Some time ago — certainly more than a year — a good friend suggested I read The Man in the White Sharkskin Suit by Lucette Lagnado. My friend Tom has impeccable taste in books, music and… well just about anything. So, I immediately bought the book and put it on one of my shelves among the many other to-be-read books in my library.
Let’s face it; one of the facts of a bibliophile’s life is that her library contains an inordinate number of books she is looking forward to reading. (And, of course, she has a library rather than a home, where every spare wall is covered with bookshelves, and scores of overflow books are piled next to her bed, on her kitchen table, in her bathroom and just about everywhere else.)
I’m delighted to say I finally got around to reading Lagnado’s memoir this week. Tom was right; it’s an elegant and eloquent work that absorbed me with its personal poignancy and fascinating universality.
Depending on where the mutable borders were drawn at the time of various births, my mother’s family were Austrian or German Jews who came to the United States in the late 1800’s. My father’s parents were Russian Jews who arrived from the village of Cherkas in the province of Kiev in the early twentieth century. Neither of my grandmothers would have recognized the food, clothes or customs of Lagnado’s Egyptian Jewish family. Yet, The Man in the White Sharkskin Suit touched me not only as a particularly timely story about the American immigrant experience, but also for the resounding Jewish undertones that were so very familiar and yet exotic.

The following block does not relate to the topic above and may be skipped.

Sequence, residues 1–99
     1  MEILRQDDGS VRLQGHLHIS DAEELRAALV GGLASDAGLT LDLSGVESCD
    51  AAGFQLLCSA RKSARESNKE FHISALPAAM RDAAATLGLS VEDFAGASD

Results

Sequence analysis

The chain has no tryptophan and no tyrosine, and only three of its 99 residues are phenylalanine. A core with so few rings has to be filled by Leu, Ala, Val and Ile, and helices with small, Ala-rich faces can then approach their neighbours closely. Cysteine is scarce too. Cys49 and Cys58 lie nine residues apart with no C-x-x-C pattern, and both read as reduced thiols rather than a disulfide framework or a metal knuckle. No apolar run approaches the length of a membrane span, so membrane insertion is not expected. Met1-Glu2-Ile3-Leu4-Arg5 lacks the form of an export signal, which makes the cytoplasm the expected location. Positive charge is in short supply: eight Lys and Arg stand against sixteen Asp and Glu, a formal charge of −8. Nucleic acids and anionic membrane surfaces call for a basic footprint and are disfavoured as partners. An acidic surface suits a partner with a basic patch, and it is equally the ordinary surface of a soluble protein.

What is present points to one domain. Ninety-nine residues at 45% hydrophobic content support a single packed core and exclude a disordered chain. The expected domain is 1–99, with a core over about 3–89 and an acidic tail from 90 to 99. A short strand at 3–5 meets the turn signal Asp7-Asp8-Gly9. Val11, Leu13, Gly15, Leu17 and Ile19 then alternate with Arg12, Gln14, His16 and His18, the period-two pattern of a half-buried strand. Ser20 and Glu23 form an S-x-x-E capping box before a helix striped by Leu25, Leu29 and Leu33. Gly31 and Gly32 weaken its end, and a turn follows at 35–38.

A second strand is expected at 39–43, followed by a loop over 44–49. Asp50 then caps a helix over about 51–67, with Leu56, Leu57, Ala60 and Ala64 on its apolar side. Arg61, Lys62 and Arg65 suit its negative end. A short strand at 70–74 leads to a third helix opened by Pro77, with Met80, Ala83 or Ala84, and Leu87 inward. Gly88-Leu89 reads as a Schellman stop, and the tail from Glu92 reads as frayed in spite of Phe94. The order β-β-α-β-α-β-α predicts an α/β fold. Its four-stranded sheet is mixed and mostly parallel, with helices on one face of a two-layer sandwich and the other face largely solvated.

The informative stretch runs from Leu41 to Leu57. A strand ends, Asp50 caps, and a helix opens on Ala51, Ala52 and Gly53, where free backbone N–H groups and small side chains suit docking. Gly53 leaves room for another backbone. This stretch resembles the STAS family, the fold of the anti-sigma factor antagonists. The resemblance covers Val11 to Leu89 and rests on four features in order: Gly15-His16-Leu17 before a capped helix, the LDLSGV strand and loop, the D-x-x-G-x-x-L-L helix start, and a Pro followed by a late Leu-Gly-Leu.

The first half of the book recreates the glamour of post-World War II Cairo, where the Lagnado family were among the privileged elite. I became thoroughly involved with the personalities of the family. Zafira, the mother-in-law who ruled the home and especially the kitchen, was like grandmothers of every culture. Her ancient concoctions of spice, meat, legumes and especially apricots were the glue that held the family together. But she thoroughly intimidated Edith, her son’s unworldly bride who loved books and understood little else. Salomone, the handsome, kind cousin, and then the author’s older siblings filled the elegant home with youth and the belief in an entitled glorious future. And at the core, standing above and beyond everyone else, was Leon, the eponymous man in the white sharkskin suit, the bon vivant groom, father, and mysterious entrepreneur who partied late every night in Cairo’s glittering nightclubs, then awoke early every morning to pray at synagogue. Lucette Lagnado was the youngest, the “princess” of the family, her father’s closest ally, but born too late.
When Lucette Lagnado was six years old, their world ended. King Farouk was exiled, the nation’s new leader Nassar nationalized industry, and all who were perceived as colonialists were thrown out of the country. Jews whose families had lived for generations in Egypt were forced to flee their homeland. Suddenly, the Lagnado family was penniless, refugees dependent on charity. They washed up on Brooklyn, by way of Paris, but the older generation never quite made the transition… especially Leon who, to the end, clutched his frayed red prayer book, and dreamed of someday returning home.
Lucette Lagnado recreates both the splendor that was lost and her family’s eventual destitution with a clear eye and well-crafted prose that sidesteps sentimentality. Her grandparents, parents and siblings are finely delineated individuals, about whom I learned to care deeply, warts and all. The Man in the White Sharkskin Suit is a book I’ll remember for a long time to come. Thank you Tom, for insisting I read it.